Anya Kamenetz, NPR’s education team lead blogger, used one of the network’s official Twitter accounts to tweet that she reaches out to diverse sources, but “only white guys get back to” her. Naturally, the post is catching a lot of attention on Twitter, and rightfully so.
I reach out to diverse sources on deadline. Only the white guys get back to me 🙁
— NPR’s Education Team (@npr_ed) July 2, 2014
Kamenetz joined NPR earlier this year. She is the author of several books about the future of education including “Generation Debt” published in 2006 and “DIY U: Edupunks, Edupreneurs, and the Coming Transformation of Higher Education” published in 2010. She has another book, “The Test,” due out next year about the future of testing in American schools. Prior to joining NPR, Kamenetz covered technology, innovation and social entrepreneurship for Fast Company magazine and contributed to The New York Times, The Washington Post, New York Magazine, Slate, and O, The Oprah Winfrey Magazine.
“I take personal responsibility,” tweeted Kamenetz after her post received fiery reactions. She, nor NPR, deleted the tweet and Kamenetz offered to continue the conversation. “I don’t think it should reflect on my employer.” But of course it reflects on her employer, especially when said employer has a documented history of struggling to be more diverse and inclusive, both in terms of staffing and programming.
Interestingly, NPR just added Juana Summers to its education team as a blogger. Summers, who is African American, covered political campaigns for Politico before coming to NPR, and she was a frequent guest on CNN’s “Inside Politics” and C-SPAN’s “Washington Journal.” Maybe Summers can help NPR’s education team with reaching more “diverse sources,” but the onus shouldn’t be on her. In any case, here are a few basic suggestions for Kamenetz and any other reporters who have difficulty doing their jobs:
- Get a copy of the Rainbow Diversity Sourcebook produced by the Society of Professional Journalists. It’s online, and there’s even a special section for education.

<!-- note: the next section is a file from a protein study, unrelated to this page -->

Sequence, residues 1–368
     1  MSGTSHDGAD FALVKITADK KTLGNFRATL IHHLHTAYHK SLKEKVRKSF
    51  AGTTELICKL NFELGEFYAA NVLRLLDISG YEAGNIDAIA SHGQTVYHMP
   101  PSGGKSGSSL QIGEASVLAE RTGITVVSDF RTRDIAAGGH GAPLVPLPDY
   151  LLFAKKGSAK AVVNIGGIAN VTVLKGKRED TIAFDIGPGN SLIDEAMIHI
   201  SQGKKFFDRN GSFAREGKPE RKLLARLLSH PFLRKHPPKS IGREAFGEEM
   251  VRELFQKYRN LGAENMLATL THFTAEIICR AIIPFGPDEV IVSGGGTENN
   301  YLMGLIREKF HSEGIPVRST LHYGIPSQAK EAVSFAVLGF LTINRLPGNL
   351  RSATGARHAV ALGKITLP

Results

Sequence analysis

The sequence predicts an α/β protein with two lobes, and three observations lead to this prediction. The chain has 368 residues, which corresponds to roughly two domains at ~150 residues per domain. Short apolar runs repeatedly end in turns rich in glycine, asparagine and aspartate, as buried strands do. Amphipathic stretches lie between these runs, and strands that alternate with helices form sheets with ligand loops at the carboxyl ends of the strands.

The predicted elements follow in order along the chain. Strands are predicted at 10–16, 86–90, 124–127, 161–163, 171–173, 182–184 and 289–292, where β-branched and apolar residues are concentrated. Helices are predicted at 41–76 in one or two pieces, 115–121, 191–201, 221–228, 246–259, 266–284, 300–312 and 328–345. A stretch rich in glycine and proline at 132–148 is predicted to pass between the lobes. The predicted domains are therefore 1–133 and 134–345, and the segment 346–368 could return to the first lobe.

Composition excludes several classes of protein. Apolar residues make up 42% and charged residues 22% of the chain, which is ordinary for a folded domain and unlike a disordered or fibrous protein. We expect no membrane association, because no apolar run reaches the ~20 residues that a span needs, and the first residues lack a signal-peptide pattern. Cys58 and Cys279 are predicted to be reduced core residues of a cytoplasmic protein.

- Get a copy of She Source produced by the Women’s Media Center. It too is online, and the center helps you get in touch with their experts, even when you’re on deadline. They recently came in handy when I wrote a piece on deadline about transgender identity, a subject for which I had ZERO sources. The center even followed up with me to make sure I’d spoken with the experts they suggested. Again, on deadline.
- Contact diverse organizations. If you are writing a story about a historically black college or university, for example, The United Negro College Fund, which employs full-time staff, might help you reach sources or may have in-house resources at its disposal.
- Many educational institutions list names of professors, their expertise, email addresses and phone numbers on the institution’s website, such as this one for Spelman College in Atlanta.
- Don’t give up. If you don’t get a call back immediately, try again or try someone else. Go above that person’s head if necessary. Tell the person who answers the phone that you’re on deadline and really need an answer, fast.
- Develop your own sources and expand your digital address book. It’s journalism 101. Call a source up, chat a little bit, say that you’d like to know what’s happening on their campus for a current or future story. Do it again a month later, and again, and again… In other words, act as if you are genuinely interested in their school and in them (it would be nice to actually be interested). Sources are more apt to call you back and talk with you if they know you, that’s why it is so important for reporters to build relationships with sources; this is true whether the source is a person of color or white. You are not trying to be besties, but you don’t want to be strangers either.
- Respect your source and honor requests to talk off-the-record. This could lead to bigger, better stories and future news tips.
- Ask your source to recommend other sources. Again, this is journalism 101. You go to the person who you think may have the answer, and then you ask who else may know about the subject on which you’re reporting. You go to that next person, and the next person, and the next person… You keep asking for answers of more sources until you know in your gut that you have enough sources, and enough answers, that you can now write as complete a story as possible.
- Accept that sometimes, not all times, people just can’t or won’t call you back. That’s when writing “phone calls [to] were not immediately returned” comes in handy.
- Twitter is an excellent resource for diverse sources. For education sources, reporters may want to follow certain hashtags such as #blackedu, #educolor and #hiphopedu. (Hat Tip for this tip goes to Twitter user @yayayarndiva aka P. Mimi Poinsett MD.)
Following her offer to continue the conversation, not all responses Kamenetz received were kind:
A few offered guidance and constructive criticism:
Others, of course, were off-topic (read: trolls) and a distraction from the core issue: